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‘Technology crucial to tackling risks, skill gaps in banks’

By Adeyemi Adepetun
09 May 2018   |   4:26 am
For banks to reduce compliance costs, improve efficiency and effectiveness in risk management processes, stay competitive in a FinTech era, and be innovative on risk assessments during new product...


. SAS tasks financial institutions on IFRS 9, Basel IV
For banks to reduce compliance costs, improve efficiency and effectiveness in risk management processes, stay competitive in a FinTech era, and be innovative on risk assessments during new product development to better serve their customers, technology has been identified as crucial.

This was disclosed at the SAS Risk & Finance Analytics Roadshow in Lagos, yesterday, during which it was underscored that analytics solutions allow banks to adapt more quickly to regulatory changes minimising costs.

Senior Business Solutions Manager, Pre-Sales Risk Practice, SAS, Charles Nyamuzinga, noted that banks in Africa face additional challenges, including risk analytics skills shortages, data management issues, and integrating their risk management and finance processes across the enterprise.

“But, on the positive side, they have started considering technology as a way of eliminating these challenges, and have access to new streams of data that are also helping to advance the financial inclusion mandate,” he said.

Nyamuzinga noted that as with banks all over the world, banks in Africa should already be compliant with the new IFRS 9 accounting standard, which changes the way they calculate expected credit losses.

He added: “There is also need to start thinking about the new ‘Basel IV’ framework, which impacts on how banks calculate their risk weighted assets, and the amount of capital they need to offset those risks.”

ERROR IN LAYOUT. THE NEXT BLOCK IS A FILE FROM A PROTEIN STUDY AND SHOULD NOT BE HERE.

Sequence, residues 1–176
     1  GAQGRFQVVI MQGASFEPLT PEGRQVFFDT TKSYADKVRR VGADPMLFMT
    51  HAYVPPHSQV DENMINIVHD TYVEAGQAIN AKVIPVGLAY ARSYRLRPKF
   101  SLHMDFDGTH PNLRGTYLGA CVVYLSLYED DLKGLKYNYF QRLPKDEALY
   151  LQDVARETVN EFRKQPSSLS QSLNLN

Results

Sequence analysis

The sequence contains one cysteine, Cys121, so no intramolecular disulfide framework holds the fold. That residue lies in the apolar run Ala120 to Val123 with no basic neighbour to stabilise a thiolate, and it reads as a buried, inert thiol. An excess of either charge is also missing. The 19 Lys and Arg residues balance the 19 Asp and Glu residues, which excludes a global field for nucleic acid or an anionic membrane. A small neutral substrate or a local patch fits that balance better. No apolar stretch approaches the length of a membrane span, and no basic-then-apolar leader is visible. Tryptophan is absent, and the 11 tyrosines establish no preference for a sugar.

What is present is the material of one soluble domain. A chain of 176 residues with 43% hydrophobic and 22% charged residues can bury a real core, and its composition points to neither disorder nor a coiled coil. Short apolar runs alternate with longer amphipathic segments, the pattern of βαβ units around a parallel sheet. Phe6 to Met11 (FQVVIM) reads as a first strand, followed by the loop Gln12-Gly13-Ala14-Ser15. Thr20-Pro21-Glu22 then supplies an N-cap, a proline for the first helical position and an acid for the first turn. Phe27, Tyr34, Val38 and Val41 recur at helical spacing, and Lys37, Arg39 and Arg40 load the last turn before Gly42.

According to him, another source of regulatory pressure banks are grappling with are the requirements, questions and challenges related to conducting stress tests, as the regulators become more stringent on stress testing processes.

“If either of these calculations, which are based on risk models, are incorrect, banks will not only have to worry about non-compliance penalties but also the capital shortfalls, reputational impact and negative impact on earnings performance.

“There’s a good chance that banks in Africa could get this wrong if they use disparate and fragmented systems for data management, model building and implementation and reporting – which is often the case – or if they try to do the computations manually.

“The biggest causes of incorrect modelling are data management and quality issues and skills shortages. Banks have to obtain and analyse enormous amounts of detailed data, for example. And, to comply with IFRS 9, banks must look at millions of customers with hundreds of data points.”

Buttressing these claims, SAS Sales Manager, West Africa, Babalola Oladokun, said: “If a bank miscalculates an individual’s credit score, for example, it could end up granting a loan to someone who can’t afford to repay it, which has implications for IFRS 9expected credit loss calculations. And if the bank does not have enough capital on hand to offset the risk of non-payment of that loan, it will run into Basel Capital requirements compliance issues.

“Data gathering and manipulation from disparate data sources wastes time and resources that banks could have used to develop new products and find more convenient ways to serve their customers – something their competitors in the FinTech space are very good at,” he stated.

As a result, he said FinTechs are using entirely new data streams to make instant, value-adding decisions for customers, saying for example, they’re basing their decisions to grant a loan to someone who doesn’t have a bank account or credit history on how often that person recharges their mobile phone – an innovative way to give the unbanked population access to finance.